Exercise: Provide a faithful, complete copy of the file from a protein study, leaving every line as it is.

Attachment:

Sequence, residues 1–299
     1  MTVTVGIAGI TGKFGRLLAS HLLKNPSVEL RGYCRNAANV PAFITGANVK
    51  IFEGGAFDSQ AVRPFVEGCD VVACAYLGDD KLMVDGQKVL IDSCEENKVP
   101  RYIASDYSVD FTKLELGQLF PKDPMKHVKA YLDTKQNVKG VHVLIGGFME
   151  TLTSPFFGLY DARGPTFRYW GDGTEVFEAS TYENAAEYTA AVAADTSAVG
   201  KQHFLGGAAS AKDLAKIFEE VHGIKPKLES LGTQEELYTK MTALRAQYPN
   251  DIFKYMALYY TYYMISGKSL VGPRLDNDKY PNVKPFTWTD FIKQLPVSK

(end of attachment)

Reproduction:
Sequence, residues 1–299
     1  MTVTVGIAGI TGKFGRLLAS HLLKNPSVEL RGYCRNAANV PAFITGANVK
    51  IFEGGAFDSQ AVRPFVEGCD VVACAYLGDD KLMVDGQKVL IDSCEENKVP
   101  RYIASDYSVD FTKLELGQLF PKDPMKHVKA YLDTKQNVKG VHVLIGGFME
   151  TLTSPFFGLY DARGPTFRYW GDGTEVFEAS TYENAAEYTA AVAADTSAVG
   201  KQHFLGGAAS AKDLAKIFEE VHGIKPKLES LGTQEELYTK MTALRAQYPN
   251  DIFKYMALYY TYYMISGKSL VGPRLDNDKY PNVKPFTWTD FIKQLPVSK